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Indian Journal of Pharmacology
Medknow Publications on behalf of Indian Pharmacological Society
ISSN: 0253-7613 EISSN: 1998-3751
Vol. 37, Num. 5, 2005, pp. 334-335

Indian Journal of Pharmacology, Vol. 37, No. 5, September-October, 2005, pp. 334-335

Research Letter

Inhibitory effect of extracts of latex of Calotropis procera against Candida albicans: A preliminary study

Department of Pharmacology, All India Institute of Medical Sciences, Ansari Nagar, New Delhi- 110 029
Correspondence Address:Department of Pharmacology, All India Institute of Medical Sciences, Ansari Nagar, New Delhi- 110 029 Email:

Code Number: ph05087

Nosocomial fungal infections due to Candida species are an important cause of morbidity and mortality especially in immunocompromised patients. The use of available treatment options for invasive mycoses is limited due to limited spectrum of activity, drug resistance, toxicity and drug-drug interactions.[1],[2] In view of this, there is a need to develop more effective and less toxic agents for the treatment of common, as well as drug resistant fungal infections.

The latex of the plant, Calotropis procera has been reported to possess in vitro larvicidal and anthelmintic activities. Different parts of the plant also exhibit antimicrobial and cytostatic properties.[3] In the present study the activities of different extracts prepared from the latex of Calotropis procera have been evaluated against Candida albicans .

The latex collected from the aerial parts of the plant was dried (DL), soxhlated successively with petroleum ether (PE), methanol and water and dried under vacuum and dissolved in sterile water (methanol and aqueous extract) and 0.05% Tween-20 (PE extract). The standard antifungal drugs with low, moderate and high efficacy against C. albicans namely, griseofulvin, clotrimazole and nystatin were dissolved in 1% di-methylsulfoxide. The anti-candidial activity of these extracts was tested by the Cup-plate method using Potato Dextrose Agar as growth medium.[4] A previously liquefied medium was inoculated with Candida albicans suspension (100:1) at 35-40 °C and 25 ml of this inoculated medium was dispensed into 8.5 cm Petri plates. After complete solidification, holes were made aseptically with a 6 mm sterile cork borer and 0.1 ml of the test solution as well as standard drugs were poured in it. The plates were incubated at 25-27 °C for 72 h and the zone of inhibition was measured. The activity of the extracts was compared with respective solvents and standard antifungal drugs such as griseofulvin, clotrimazole and nystatin. The activity index was expressed as the ratio of zone of inhibition obtained with test drug and clotrimazole, a widely used anticandidal drug. The minimum inhibitory concentration (MIC) of the extracts was determined following incubation for 48 h.[5]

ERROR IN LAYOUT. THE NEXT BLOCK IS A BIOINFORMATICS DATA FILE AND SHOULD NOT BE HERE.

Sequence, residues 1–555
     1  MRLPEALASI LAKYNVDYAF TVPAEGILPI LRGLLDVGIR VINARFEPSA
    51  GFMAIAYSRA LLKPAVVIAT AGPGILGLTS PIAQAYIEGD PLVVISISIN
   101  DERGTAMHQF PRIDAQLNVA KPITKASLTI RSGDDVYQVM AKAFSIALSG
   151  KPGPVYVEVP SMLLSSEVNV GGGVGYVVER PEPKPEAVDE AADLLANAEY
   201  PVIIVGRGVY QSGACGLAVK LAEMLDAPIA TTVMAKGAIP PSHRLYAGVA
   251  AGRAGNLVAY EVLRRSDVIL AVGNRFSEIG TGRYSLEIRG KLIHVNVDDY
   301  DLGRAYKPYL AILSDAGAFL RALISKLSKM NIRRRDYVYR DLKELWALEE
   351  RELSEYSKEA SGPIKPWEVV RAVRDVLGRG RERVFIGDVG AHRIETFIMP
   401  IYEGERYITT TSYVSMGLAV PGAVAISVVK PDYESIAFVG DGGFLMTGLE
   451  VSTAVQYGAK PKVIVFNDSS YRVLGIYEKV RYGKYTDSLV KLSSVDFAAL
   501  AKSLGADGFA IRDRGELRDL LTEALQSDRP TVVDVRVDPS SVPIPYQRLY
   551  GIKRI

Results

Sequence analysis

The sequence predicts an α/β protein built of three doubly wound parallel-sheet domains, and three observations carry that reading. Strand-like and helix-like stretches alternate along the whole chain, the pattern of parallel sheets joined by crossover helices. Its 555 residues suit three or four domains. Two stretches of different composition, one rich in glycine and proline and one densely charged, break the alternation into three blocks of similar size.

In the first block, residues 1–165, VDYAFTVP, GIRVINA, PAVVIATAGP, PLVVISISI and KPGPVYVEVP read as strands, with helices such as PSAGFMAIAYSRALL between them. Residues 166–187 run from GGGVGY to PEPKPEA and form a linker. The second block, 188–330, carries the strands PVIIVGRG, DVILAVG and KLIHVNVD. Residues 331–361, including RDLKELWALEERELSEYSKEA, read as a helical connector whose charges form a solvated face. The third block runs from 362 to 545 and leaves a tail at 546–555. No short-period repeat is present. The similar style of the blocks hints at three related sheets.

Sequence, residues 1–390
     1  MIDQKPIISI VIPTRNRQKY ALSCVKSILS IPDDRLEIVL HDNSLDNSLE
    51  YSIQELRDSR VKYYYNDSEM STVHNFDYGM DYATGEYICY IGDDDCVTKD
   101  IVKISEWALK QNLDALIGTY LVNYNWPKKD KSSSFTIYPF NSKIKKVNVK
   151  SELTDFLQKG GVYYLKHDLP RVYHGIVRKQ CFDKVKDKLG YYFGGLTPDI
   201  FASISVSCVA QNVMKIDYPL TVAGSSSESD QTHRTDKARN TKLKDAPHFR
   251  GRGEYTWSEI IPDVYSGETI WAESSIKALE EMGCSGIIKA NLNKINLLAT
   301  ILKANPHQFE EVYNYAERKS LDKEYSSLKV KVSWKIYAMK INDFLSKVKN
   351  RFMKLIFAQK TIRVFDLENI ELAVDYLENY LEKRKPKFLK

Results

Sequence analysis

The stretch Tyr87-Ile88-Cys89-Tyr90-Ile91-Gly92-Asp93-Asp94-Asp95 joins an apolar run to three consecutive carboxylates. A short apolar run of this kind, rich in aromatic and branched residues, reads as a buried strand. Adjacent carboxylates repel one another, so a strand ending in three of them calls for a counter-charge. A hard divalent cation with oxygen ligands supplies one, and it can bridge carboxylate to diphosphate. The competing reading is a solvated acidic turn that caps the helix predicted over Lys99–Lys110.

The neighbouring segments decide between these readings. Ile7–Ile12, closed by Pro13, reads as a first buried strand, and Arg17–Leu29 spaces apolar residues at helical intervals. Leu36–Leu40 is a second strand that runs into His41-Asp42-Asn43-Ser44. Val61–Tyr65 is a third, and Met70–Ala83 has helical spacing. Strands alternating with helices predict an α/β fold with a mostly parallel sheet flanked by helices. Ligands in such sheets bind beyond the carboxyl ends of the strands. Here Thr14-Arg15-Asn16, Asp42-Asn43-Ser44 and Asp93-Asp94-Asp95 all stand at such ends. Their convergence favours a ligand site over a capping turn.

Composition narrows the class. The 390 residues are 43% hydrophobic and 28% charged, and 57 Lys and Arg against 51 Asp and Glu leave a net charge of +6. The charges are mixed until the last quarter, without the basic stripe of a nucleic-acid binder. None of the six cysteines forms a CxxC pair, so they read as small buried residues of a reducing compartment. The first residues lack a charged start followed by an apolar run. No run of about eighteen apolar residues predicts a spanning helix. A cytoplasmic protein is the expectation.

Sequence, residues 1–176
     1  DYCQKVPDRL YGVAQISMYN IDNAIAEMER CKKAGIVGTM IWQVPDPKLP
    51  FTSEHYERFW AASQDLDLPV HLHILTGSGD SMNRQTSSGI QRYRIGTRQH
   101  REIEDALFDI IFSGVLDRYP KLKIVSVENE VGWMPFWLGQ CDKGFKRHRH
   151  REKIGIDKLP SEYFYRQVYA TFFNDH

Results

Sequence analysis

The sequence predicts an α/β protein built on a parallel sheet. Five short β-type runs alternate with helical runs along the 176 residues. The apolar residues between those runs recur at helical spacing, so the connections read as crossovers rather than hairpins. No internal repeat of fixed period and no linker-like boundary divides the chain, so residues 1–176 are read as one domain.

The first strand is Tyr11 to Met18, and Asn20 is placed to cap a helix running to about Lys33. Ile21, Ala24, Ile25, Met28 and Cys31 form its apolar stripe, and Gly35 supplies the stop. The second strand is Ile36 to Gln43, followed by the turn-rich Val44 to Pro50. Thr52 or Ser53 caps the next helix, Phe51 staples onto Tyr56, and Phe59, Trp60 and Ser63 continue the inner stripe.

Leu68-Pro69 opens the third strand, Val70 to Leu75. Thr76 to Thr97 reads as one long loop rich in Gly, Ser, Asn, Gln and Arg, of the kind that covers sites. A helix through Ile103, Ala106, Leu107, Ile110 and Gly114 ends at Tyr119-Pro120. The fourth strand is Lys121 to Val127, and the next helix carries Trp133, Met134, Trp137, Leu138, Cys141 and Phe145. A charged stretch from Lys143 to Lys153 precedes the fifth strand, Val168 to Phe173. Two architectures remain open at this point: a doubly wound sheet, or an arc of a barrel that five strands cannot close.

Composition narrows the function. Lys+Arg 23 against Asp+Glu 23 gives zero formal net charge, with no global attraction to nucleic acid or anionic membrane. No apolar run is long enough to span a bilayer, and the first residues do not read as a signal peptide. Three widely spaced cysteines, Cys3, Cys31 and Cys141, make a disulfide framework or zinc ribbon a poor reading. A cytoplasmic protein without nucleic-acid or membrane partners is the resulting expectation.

The values are given as mean±SEM and P<0.05 was considered statistically significant. The data were analysed by one-way ANOVA followed by post hoc test (LSD) using SPSS (Version 10).

Both petroleum ether and methanol extracts produced significant increase in the zone of inhibition compared to griseofulvin that was found to be ineffective. The activity index of these extracts ranged from 0.72 to 0.77 against 0.31 to 0.39 in case of griseofulvin. The inhibitory effect of these extracts was comparable to clotrimazole. The zone of inhibition at 20 mg/ml concentration was 18.18±1.62, 17.51±0.69 and 23.86 ± 2.70 mm with petroleum ether extract, methanol extract and clotrimazole, respectively. The aqueous extract was ineffective in this regard. Nystatin was found to be more effective against Candida albicans with an activity index ranging from 1.16 to 1.29 and a zone of inhibition of 30.86 ± 1.37 mm at 20 mg/ml concentration. The respective solvent controls did not show any anticandidal activity. Further, the MIC of petroleum ether and methanol extract was found to be 128 µg/ml and that of aqueous extract was 1600 µg/ml. The MIC of nystatin, clotrimazole and griseofulvin was 1, 2 and 800 µg/ml, respectively. [Table - 1]

Our study is the first of its kind that demonstrated the anticandidial activity of the extracts of DL of Calotropis procera . Such a property could be related to the presence of enzymes and stable cysteine proteases in the latex.[6] Further, the anticandidial activity of latex suggests that it might be effective against other fungal strains as well.


We are thankful to Mr. Vijay Arora and Dr. R.A. Singh of Arbro Pharmaceuticals for their help in conducting the study.


1.Eggimann P, Garbino J, Pittet D. Management of Candida species infections in critically ill patients. Lancet Infect Dis 2003;3:772-85.  Back to cited text no. 1  [PUBMED]  [FULLTEXT]
2.Gallis HA, Drew RH, Pickard WW. Amphotericin-B: 30 years of clinical experience. Rev Infect Dis 1990;12:308-29.  Back to cited text no. 2  [PUBMED]  
3.Kumar VL, Arya S. Medicinal uses and pharmacological properties of Calotropis procera . Recent Prog Med Plants. In press 2006.  Back to cited text no. 3    
4.The Pharmacopoeia of India. 4th Ed. Vol. 2. New Delhi. The Controller of publications; 1985, A-88.   Back to cited text no. 4    
5.Alade PI, Irobi ON. Antimicrobial activities of crude leaf extract of Acalypha wilkesiana . J Ethnopharmacol 1993;39:171-4.  Back to cited text no. 5  [PUBMED]  
6.Kumar Dubey V, Jagannadham MV. Procerain, a stable cysteine protease from the latex of Calotropis procera . Phytochemistry 2003;62:1057-71.  Back to cited text no. 6  [PUBMED]  [FULLTEXT]

Copyright 2005 - Indian Journal of Pharmacology

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